Bernie Sanders hits Pete Buttigieg over wealthy donors
(CNN) -- Bernie Sanders on Friday launched a series of attacks against Pete Buttigieg, suggesting that the former South Bend mayor could not, if elected, be trusted to pushback against the rich individuals and powerful interests that have donated to his campaign.
Four days out from the New Hampshire primary, and just hours away from a debate Friday night, the two appear to be on a collision course, with Sanders leading the Democratic Party's progressive line and Buttigieg, following his strong showing in Iowa, emerging as the primary's moderate champion.
"Buttigieg has received campaign contributions from over 40 billionaires, from the CEOs of the largest drug companies in this country, from fossil fuel (financiers), from Wall Street," Sanders said in an interview with CNN. "Do you think that when people receive money from powerful special interests that they're really going to stand up to those special interests and do what has to be done for the working class in this country? I don't think so. It doesn't work that way."
Sanders' sharper tone comes as Buttigieg, following a strong performance in Iowa, hopes to ride his Hawkeye State momentum to victory in New Hampshire, a state the Vermont senator won by more than 20 points in 2016 and has led in recent polls. Earlier in the day, at a Politics and Eggs breakfast here, Sanders read out a variety of headlines that depicted Buttigieg as overly cozy with moneyed interests.
Buttigieg has also ramped up his previous round of attacks on Sanders. In a fundraising email Thursday, his campaign touted its post-Iowa haul before taking aim at progressive outside groups supporting Sanders.
"Bernie is still first in the polls in New Hampshire, and we're being massively outraised by his campaign," the appeal read, before turning to Sanders' outside support. "In January alone, his campaign raised more than $25 million, and they're being supported by NINE outside dark money groups, too."
When asked to respond to Sanders' initial criticism, the Buttigieg campaign pointed to the former mayor's comments about campaign finance reform Thursday night on The Late Show with Stephen Colbert.
"I understand the frustration and I'm not a fan of the campaign finance system we have today. I'm also a fan of beating Donald Trump," Buttigieg told Colbert. "I will make exactly one promise to anybody, whether they're giving three bucks online or the maximum allowable by law, and the promise is I'm going to take that contribution and I'm going to use it to build the campaign that's going to defeat Donald Trump so that we can actually get the reforms that this country needs."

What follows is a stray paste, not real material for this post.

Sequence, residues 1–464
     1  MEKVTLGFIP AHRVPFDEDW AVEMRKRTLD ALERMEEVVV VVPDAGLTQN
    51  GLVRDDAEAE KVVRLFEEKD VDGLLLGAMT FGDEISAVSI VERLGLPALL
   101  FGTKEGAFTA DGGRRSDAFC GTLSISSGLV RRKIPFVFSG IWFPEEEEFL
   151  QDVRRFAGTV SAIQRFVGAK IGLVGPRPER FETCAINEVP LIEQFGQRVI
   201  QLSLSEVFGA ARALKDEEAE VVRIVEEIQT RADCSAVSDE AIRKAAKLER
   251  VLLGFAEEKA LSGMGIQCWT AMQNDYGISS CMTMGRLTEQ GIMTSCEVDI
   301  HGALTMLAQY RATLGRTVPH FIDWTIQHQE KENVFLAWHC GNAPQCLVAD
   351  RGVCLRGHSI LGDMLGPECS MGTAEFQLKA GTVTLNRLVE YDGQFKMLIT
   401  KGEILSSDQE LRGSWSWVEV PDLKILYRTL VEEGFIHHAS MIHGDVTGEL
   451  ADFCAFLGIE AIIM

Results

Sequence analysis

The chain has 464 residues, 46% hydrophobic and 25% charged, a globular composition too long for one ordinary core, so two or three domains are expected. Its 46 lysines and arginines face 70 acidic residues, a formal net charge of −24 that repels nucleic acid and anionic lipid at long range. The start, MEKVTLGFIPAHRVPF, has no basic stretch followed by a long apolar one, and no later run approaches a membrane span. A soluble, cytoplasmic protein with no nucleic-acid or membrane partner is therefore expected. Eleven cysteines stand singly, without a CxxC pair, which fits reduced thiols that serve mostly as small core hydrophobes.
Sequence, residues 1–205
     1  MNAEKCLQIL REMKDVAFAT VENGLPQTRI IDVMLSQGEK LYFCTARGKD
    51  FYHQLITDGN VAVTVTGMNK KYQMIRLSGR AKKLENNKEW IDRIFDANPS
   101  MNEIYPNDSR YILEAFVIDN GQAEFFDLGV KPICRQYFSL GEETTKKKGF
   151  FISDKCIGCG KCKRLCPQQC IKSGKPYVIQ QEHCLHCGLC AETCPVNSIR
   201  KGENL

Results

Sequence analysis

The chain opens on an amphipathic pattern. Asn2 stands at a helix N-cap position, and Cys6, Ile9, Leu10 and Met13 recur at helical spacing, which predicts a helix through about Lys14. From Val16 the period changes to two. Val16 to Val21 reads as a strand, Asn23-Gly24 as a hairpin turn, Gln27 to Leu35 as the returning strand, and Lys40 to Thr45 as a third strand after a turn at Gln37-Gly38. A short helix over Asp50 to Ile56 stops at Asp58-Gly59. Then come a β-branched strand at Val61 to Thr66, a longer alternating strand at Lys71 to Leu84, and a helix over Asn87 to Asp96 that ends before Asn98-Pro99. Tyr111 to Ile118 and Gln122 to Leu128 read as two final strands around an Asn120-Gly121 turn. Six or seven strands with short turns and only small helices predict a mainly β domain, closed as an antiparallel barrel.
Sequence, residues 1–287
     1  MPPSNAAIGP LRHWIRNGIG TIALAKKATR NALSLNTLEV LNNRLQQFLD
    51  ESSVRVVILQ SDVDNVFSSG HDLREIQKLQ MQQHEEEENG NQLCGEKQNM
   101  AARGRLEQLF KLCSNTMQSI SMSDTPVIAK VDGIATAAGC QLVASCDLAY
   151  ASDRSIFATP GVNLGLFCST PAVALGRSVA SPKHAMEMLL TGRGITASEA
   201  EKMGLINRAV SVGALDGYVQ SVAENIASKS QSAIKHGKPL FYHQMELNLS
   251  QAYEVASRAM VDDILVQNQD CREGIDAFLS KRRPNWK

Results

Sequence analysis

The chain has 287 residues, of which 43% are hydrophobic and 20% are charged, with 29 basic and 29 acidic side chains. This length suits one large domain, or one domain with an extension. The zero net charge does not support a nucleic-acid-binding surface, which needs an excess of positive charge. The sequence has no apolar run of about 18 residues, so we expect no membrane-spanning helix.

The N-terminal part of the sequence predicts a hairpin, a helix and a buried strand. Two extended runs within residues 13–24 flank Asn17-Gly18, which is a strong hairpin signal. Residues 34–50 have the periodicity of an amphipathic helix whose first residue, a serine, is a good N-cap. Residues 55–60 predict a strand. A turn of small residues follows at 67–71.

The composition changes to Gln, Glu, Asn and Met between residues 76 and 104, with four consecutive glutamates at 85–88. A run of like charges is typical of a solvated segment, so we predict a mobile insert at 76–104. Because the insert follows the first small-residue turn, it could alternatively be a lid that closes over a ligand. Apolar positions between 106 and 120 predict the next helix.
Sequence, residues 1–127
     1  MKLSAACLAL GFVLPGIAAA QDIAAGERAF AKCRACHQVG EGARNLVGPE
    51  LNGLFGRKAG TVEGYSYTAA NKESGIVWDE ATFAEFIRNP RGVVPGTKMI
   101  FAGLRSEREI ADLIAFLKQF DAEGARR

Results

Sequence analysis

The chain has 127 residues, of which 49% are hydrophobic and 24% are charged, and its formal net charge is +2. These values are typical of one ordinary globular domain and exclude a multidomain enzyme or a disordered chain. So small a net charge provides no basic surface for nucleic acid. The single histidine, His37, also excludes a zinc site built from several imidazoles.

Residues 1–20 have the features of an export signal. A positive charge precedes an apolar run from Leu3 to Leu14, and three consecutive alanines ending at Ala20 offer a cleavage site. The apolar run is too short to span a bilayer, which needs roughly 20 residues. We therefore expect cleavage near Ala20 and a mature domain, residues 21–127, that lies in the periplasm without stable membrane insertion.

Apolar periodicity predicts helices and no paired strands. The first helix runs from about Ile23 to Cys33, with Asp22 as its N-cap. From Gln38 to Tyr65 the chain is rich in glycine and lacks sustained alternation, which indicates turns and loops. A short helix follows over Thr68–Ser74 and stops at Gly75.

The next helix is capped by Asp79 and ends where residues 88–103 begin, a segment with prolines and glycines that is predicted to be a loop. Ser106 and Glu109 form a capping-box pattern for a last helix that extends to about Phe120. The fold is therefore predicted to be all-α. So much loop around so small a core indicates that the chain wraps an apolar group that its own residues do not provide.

Looking beyond New Hampshire, which like Iowa is overwhelmingly white, Sanders told CNN that he believed he was better positioned than Buttigieg to win in Nevada and South Carolina, the more diverse states that follow New Hampshire on the primary calendar.
"I think we have a real advantage. We have been running a campaign, which addresses many of the major crises facing the African American community, facing the Latino community," Sanders said, pointing this performance in last week's caucuses as evidence of his growing appeal to minority voters. "We did extraordinarily well (In Iowa with) Latino voters who understand that we are standing up and fighting for their rights."
Sanders first took clear aim at Buttigieg earlier in the day, when he sought to frame the coming vote as an existential decision between his progressive vision and a faction in the party that welcomes and courts big dollar donors.
"This campaign is about which side are you on," Sanders told the crowd, referencing the Woody Guthrie song. "Are you on the side of the working class of this country, which has been battered for the last 45 years, are you willing to take on the greed and corruption of the billionaire class and the 1%, or will you continue to stand with the big money?"
The headlines Sanders read aloud included a Forbes article detailing how Buttigieg has the most exclusive billionaire donors of any Democrat, an article from the Washington Post about how after a strong performance in Iowa that states Buttigieg is "getting an even closer look" from Wall Street donors, and a Forbes article revealing the list of billionaires that support Buttigieg's campaign.
"I like Pete Buttigieg, nice guy," Sanders said after ticking through the list of headlines. "But we are in a moment where billionaires control not only our economy but our political life."
After the event, Sanders debuted a new hashtag on Twitter, #PetesBillionaires, which included screenshots of the headlines Sanders had read during his speech.
Sanders has accused Buttigieg of being bought and paid-for by big money before, notably during the controversy over the former mayor's decision to hold a fundraiser in a wine cave. Sanders addressed the issue directly with supporters and Sanders aides wore T-shirts reading "PetesWineCave.com" to December's primary debate, but his comments on Friday signaled a belief that the two campaigns could be competing in a tier of their own in New Hampshire
This story has been updated with an interview with Bernie Sanders.
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